The Alliance for a New German Government, led by the center-left, has reached an agreement.


The Alliance for a New German Government, led by the center-left, has reached an agreement.

On Wednesday, a center-left coalition of parties struck a deal to form Germany’s new government, replacing Angela Merkel’s cabinet and placing the Social Democrats (SPD) in power for the first time in 16 years.

Two months after defeating Merkel’s conservative CDU-CSU party in a federal election, the SPD reached an agreement with the Greens and liberal Free Democrats on a roadmap for Germany’s next four years, naming Finance Minister Olaf Scholz, 63, as chancellor.

International allies fearful of a shackled Germany amid crises like the coronavirus pandemic in Belarus and a sluggish economic recovery are likely to be relieved by the quick agreement.

As hospital beds fill up and new infections reach record highs day after day, calls for greater urgency from the new alliance to halt a surging fourth wave of the epidemic have become stronger.

Merkel, who is leaving politics after four years, invited the heads of the new coalition parties for meetings on the quickly deteriorating Covid issue midway through their last round of talks on Tuesday, signaling the urgency of the situation.

The incoming government stated in their accord released on Wednesday that it will form a crisis squad to deal with the health crisis.

The so-called coalition contract effectively lays out their policy priorities for the duration of their term in office.

It includes a proposal to move Germany’s coal exit from 2038 to 2030, a vow to reinstate the country’s constitutionally defined debt ceiling for 2023, and a proposal to legalize cannabis for recreational use.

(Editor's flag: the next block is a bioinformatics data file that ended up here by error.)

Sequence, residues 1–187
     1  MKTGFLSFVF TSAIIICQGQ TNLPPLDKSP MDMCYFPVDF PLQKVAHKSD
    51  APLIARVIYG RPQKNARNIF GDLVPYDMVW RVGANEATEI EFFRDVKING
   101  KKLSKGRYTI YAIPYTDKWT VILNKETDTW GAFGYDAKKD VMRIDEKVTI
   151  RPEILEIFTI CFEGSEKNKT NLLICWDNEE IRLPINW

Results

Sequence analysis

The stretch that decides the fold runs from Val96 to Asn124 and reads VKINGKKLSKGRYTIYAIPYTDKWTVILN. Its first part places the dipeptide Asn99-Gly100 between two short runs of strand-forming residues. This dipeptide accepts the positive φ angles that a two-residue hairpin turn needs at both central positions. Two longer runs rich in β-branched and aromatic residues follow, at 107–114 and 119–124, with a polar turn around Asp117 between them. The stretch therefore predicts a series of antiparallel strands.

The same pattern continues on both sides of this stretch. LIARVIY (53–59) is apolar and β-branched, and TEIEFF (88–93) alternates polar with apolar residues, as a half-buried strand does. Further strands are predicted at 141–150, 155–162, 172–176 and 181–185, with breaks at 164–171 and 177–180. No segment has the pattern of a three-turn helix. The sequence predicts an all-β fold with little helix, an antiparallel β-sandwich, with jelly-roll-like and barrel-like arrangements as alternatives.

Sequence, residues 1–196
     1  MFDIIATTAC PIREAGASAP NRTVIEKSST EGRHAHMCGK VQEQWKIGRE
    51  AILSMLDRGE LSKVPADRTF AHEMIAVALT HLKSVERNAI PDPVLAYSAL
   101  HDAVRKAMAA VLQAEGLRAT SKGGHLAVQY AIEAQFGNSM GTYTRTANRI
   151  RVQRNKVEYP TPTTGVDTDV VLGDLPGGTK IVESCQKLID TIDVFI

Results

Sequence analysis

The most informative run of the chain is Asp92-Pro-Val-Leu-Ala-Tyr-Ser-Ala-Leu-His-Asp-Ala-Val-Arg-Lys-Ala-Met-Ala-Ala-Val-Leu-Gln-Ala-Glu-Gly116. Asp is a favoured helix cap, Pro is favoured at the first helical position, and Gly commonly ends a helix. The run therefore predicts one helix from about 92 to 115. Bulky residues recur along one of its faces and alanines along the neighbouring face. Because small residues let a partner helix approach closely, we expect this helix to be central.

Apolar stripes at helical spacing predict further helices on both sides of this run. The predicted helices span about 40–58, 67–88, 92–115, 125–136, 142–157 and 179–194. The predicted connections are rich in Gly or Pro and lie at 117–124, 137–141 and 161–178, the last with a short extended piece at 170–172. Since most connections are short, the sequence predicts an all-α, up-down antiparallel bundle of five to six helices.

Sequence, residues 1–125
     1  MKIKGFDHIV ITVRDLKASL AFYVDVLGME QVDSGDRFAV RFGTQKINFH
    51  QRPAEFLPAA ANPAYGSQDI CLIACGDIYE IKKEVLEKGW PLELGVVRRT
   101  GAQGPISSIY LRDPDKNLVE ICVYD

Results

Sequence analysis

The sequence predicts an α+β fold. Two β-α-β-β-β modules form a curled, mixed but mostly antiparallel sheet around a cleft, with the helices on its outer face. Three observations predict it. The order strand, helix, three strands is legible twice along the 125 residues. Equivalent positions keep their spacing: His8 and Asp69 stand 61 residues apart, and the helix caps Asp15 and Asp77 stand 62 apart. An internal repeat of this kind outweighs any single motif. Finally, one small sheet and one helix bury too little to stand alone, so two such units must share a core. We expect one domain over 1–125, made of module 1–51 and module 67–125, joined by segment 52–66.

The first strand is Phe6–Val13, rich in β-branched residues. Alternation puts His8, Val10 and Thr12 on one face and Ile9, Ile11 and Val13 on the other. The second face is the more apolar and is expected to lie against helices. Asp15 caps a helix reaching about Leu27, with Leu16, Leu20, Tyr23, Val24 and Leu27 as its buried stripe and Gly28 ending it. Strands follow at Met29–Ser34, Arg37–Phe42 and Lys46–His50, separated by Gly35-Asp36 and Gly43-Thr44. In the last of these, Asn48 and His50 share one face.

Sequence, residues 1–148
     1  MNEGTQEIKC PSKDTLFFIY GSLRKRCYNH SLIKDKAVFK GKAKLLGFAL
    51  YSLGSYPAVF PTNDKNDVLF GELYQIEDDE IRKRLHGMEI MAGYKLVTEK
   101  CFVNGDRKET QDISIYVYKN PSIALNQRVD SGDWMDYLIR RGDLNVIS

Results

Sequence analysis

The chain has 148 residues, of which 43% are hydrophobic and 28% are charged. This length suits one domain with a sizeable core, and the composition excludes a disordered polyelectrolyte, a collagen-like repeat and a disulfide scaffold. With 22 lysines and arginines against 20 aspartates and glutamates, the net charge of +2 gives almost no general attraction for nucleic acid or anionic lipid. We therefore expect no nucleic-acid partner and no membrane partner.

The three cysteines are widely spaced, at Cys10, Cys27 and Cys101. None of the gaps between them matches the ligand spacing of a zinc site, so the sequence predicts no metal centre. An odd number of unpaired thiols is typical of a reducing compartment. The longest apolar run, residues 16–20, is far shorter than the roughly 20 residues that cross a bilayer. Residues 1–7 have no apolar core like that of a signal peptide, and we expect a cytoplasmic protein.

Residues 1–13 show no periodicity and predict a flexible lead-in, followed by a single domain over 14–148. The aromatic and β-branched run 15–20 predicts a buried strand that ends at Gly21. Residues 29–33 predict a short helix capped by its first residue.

A contentious aspect of the talks, which party gets which ministry, was also resolved.

With the FDP in possession of the influential finance ministry, Christian Lindner, the party’s leader, is ready to assume charge of Europe’s largest economy’s finances.

The Greens will have a new “super-minister” combining the economic, climate protection, and energy portfolios, as well as the foreign ministry, with Robert Habeck, co-leader of the ecologist Greens, set to take the environmental portfolio.

The Green Party’s other leader, Annalena Baerbock, is set to become Germany’s next foreign minister, making her the country’s first female foreign minister.

The line-up suggests that Germany may adopt a more forceful stance toward China and Russia, while maintaining fiscal discipline and actively promoting green investments.

The lightning speed with which the three parties – called in Germany as the Ampel or “traffic-light” for their colors – came together was astonishing. The Washington Newsday Brief News is a daily newspaper published in Washington, D.C.


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